Note: This is an archived Handbook entry from 2016.
|Dates & Locations:|| |
This subject has the following teaching availabilities in 2016:Semester 1, Parkville - Taught on campus.
Timetable can be viewed here. For information about these dates, click here.
|Time Commitment:||Contact Hours: 36 hours |
Total Time Commitment:
Total time commitment: 136 hours
Entry to Master of Entrepreneurship
|Recommended Background Knowledge:||None|
|Non Allowed Subjects:||None|
|Core Participation Requirements:||
For the purposes of considering request for Reasonable Adjustments under the Disability Standards for Education (Cwth 2005), and Student Support and Engagement Policy, academic requirements for this subject are articulated in the Subject Overview, Learning Outcomes, Assessment and Generic Skills sections of this entry.
It is University policy to take all reasonable steps to minimise the impact of disability upon academic study, and reasonable adjustments will be made to enhance a student's participation in the University's programs. Students who feel their disability may impact on meeting the requirements of this subject are encouraged to discuss this matter with a Faculty Student Adviser and Student Equity and Disability Support: http://services.unimelb.edu.au/disability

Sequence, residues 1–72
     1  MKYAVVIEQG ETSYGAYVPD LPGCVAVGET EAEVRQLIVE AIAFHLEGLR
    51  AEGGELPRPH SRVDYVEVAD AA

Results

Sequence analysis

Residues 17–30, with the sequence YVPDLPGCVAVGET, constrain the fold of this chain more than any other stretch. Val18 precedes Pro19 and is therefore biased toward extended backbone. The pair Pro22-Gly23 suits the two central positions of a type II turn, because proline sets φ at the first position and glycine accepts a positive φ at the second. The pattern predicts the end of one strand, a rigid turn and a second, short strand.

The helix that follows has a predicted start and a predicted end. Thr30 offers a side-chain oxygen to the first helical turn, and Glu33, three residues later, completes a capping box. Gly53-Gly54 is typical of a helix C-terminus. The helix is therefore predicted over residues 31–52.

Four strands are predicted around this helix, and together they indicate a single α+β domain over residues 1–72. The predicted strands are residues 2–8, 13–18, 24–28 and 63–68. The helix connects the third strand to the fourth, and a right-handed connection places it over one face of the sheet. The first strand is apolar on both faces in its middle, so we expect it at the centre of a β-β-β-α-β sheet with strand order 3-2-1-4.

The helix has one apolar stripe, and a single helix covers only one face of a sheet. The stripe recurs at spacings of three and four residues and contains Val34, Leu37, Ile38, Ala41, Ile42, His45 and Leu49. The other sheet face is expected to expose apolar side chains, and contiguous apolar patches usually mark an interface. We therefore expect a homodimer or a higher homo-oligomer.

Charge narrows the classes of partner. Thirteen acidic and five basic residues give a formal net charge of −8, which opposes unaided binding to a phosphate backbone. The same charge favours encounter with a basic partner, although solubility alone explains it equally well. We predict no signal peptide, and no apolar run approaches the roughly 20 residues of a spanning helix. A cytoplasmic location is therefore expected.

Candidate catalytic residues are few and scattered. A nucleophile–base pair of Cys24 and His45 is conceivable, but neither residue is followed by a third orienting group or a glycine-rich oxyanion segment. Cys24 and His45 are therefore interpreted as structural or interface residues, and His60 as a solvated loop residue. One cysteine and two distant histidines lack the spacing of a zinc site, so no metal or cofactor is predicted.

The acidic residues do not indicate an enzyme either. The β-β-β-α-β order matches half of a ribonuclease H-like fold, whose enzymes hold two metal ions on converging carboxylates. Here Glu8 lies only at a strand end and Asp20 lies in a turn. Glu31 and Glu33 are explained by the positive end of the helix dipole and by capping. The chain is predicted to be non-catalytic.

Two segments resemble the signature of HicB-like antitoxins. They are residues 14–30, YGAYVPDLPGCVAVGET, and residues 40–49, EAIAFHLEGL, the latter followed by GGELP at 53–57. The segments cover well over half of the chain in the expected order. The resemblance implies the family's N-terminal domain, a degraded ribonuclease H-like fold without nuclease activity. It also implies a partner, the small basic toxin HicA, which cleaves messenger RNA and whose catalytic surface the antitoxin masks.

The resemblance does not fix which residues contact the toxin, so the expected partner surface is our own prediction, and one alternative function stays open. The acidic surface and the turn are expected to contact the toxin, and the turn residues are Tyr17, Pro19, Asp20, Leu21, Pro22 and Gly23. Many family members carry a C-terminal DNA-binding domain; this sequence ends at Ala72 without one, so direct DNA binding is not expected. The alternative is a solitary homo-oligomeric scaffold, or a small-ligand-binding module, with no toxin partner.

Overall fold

CoordinatorProf Colin Mcleod
This subject introduces the business model as the mechanism used by entrepreneurs to deliver value to their selected target markets, as well as the method by which entrepreneurs capture value. This is a dynamic process that underpins the commercialisation of innovation. The challenges of designing and implementing a business model are considered, as well as the skills, resources and relationships that an entrepreneur will need to manage activities like corporate venturing and pivoting that lead to the creation of successful business model. The subject also considers the way that emerging concepts like shared value can be incorporated into a business model including marketing. This is done though comparative analysis of competitors who use different but equally successful business models, as well as considering applications where business models have failed. The subject also considers metrics for assessing the ongoing health of the business model, as well as business models as a form of innovation, not just a vehicle for entrepreneurship. Finally, the subject focuses on the applied challenges for students– the development of business models for the garage project (pop-up) and their own enterprise.
On successful completion of this subject, students should be able to:
|Prescribed Texts:|| |
You will be advised of the prescribed texts by your lecturer.
|Breadth Options:|| |
This subject is not available as a breadth subject.
|Fees Information:||Subject EFTSL, Level, Discipline & Census Date|
High level of development;
Moderate level of development
Master of Entrepreneurship |
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